The proposed solution to this predicament is to search around at your work and find something that properly interests you. Involve yourself in it and put in as much time towards it as possible. Outside of work, do the same. Find and work on interesting things that satiate your passion. I would continue the prior example to demonstrate how the solution works, except that its a pretty good example for why it doesn’t. I’m sure that in the right situation, the proposed solutions are good options. In situations such as above, however, it isn’t really possible to change what you do at work to better suit your passion. If you already work in software for the company, and the software isn’t up to your standard, where in the company can you go that is up to your standard?

Many companies have a fixed structure. Often, if you attempt to either move yourself around or change the structure itself, it is easier for the company to simply let you go and find someone else. That’s one of many problems that come from jobs being rare and workers being abundant. If jobs had to compete with one another for workers, overall conditions for workers would improve. As a quick aside: in my opinion, if the government weren’t trying its hardest to support major corporations (due to being bought out by them) and got rid of regulation that solely hurts small businesses, maybe in a more free-market economy where almost anyone can start up a company jobs could be abundant and would have to compete for workers. Speaking of idealistic views that might not actually stand up in real life, a second component to the proposed solution is to work on personal projects in your free time.

This is similarly not a valid option for many situations. Often, people simply do not have the time to work a full-time job and fulfill other responsibilities. Bringing up my example once again, you can work on quality software all week long in your free time, but writing code you know is bad and that you know could be better with just a little bit more time will always drain on you. Sometimes and for some people, it can be pretty easy to work on something you don’t enjoy. It can be easy to create something worthless and bad, but it depends on the situation and, more so, the person in particular. I personally find it extremely hard to work on things I don’t care about; even if I just have to do it badly.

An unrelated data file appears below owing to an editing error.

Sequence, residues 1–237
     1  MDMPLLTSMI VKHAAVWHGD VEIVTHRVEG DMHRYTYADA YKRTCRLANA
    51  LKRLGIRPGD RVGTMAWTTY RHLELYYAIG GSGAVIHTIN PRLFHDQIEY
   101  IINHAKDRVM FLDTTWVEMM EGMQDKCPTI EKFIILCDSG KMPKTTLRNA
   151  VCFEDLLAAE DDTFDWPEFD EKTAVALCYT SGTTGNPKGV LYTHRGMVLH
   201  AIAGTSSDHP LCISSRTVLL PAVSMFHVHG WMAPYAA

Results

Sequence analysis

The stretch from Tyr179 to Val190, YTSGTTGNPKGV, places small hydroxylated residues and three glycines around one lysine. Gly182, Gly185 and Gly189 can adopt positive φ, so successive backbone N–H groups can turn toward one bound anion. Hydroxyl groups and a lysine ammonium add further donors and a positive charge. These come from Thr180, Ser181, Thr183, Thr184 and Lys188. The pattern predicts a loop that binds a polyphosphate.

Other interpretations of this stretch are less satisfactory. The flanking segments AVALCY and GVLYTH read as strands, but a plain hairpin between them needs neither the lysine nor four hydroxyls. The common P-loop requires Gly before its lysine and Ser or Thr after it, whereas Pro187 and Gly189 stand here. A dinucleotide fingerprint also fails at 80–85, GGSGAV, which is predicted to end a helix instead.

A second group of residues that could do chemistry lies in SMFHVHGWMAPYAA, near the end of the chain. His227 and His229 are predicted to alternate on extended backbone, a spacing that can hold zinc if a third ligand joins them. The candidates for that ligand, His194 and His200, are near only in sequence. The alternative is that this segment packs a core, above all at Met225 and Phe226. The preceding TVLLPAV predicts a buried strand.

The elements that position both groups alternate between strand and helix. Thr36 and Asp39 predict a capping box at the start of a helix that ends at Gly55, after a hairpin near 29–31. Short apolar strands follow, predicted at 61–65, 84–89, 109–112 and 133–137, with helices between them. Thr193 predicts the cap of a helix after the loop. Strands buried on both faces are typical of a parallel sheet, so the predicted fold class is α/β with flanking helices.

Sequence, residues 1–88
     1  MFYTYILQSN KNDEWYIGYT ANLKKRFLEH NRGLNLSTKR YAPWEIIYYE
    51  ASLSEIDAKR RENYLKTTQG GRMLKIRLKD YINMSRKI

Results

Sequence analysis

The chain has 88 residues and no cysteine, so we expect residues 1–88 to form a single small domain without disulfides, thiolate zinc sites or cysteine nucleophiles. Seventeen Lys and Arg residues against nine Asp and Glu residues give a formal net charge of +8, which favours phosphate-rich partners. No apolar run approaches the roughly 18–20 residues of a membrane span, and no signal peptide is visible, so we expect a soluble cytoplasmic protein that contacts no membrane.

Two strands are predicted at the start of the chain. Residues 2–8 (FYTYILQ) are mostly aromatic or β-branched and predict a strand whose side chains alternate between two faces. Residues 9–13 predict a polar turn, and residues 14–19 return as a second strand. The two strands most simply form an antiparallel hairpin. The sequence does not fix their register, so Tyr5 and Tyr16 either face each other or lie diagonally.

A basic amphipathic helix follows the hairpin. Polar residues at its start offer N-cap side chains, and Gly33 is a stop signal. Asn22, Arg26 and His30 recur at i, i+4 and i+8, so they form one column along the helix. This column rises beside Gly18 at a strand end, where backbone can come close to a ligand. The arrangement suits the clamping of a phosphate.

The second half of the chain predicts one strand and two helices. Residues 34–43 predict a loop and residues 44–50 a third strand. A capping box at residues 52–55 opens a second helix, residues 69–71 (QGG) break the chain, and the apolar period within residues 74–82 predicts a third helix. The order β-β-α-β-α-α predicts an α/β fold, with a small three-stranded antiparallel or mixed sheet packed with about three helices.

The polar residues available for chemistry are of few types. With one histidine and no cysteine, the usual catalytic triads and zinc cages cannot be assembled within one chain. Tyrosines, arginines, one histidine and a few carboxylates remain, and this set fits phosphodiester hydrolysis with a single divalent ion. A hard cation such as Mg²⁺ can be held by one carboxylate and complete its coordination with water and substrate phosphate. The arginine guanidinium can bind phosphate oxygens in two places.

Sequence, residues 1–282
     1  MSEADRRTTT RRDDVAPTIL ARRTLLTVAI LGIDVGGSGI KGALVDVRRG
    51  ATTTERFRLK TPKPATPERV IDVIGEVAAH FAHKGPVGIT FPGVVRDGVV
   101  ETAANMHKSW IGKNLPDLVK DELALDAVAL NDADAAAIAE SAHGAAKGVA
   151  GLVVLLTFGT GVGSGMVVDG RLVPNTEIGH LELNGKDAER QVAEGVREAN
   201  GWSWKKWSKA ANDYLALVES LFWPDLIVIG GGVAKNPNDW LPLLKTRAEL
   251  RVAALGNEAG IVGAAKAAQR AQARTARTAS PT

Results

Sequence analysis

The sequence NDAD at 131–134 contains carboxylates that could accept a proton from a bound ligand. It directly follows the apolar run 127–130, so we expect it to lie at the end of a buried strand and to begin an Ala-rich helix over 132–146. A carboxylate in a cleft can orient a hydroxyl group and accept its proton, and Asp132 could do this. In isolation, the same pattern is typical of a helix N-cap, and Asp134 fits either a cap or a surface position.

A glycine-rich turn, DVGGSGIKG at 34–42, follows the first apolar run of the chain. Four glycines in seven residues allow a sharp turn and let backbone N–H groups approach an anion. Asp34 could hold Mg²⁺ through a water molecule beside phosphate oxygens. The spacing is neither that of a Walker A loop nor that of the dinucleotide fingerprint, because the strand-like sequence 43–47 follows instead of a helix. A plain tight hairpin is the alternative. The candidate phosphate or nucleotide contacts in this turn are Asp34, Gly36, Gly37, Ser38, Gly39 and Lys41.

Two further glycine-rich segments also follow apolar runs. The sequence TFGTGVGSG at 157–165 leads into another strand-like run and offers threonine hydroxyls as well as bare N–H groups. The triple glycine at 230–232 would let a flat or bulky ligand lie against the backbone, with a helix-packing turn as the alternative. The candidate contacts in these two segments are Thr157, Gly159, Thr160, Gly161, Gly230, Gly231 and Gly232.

It can be hard to have a strong passion for something and then have other people not allow you to do it. It isn’t even a matter of them letting you do it; it would be enough for them to do nothing. But often times, they directly work to oppose what your soul wants you to do. That said, you can’t just vilify them for it. You ended up in a bad situation but in the previous example, for instance, you wouldn’t be stuck. Maybe you misunderstood what they want or maybe they misled you. But if it’s a matter of your soul, so to speak, you can always leave the job. It isn’t always that simple; we have responsibilities and bills to pay. That’s why I personally believe that if you have the opportunity, build up your savings and investments. Sacrifice some of your standard of living now so you can afford to make a change like this in the future. Do your best to prevent yourself from getting trapped in life.

From the blog CS@Worcester – The Introspective Thinker by David MacDonald and used with permission of the author. All other rights reserved by the author.

Apprenticeship Pattern – Unleash Your Enthusiasm

The key focus of this design pattern is the situation in which you have more enthusiasm for software development then the rest of your colleagues. Due to this, you end up holding back to fit with the group. I have a few experiences related to both sides of this. While I’ve never partaken in a software job, I have taken part in software courses. There have been plenty of times when I’m in a group project and the topic is so interesting to me I can just get to town and code almost everything. I guess rather than having it hold me back, I end up usually embracing it.

Then there are situations similar to that which I’m in now. It isn’t precisely a mirror for the apprenticeship pattern, but it’s pretty close. I find that when I have other things I need to do are when I’m most passionate about other things. For example, I’ll most intensely want to theorize about physics when I have an assignment due; however, once I actually have free time, I’m mostly content just wasting my time playing video games. Over the last month, I’ve become fixated with Sea. I had been working on creating a Minecraft Server manager in Node.js for my friends and I, then I moved onto creating a way of backing up my playlists. Then I realized it’d probably be easiest to do it in Python, so I started rewriting the code. In that process, I fell in love with Python.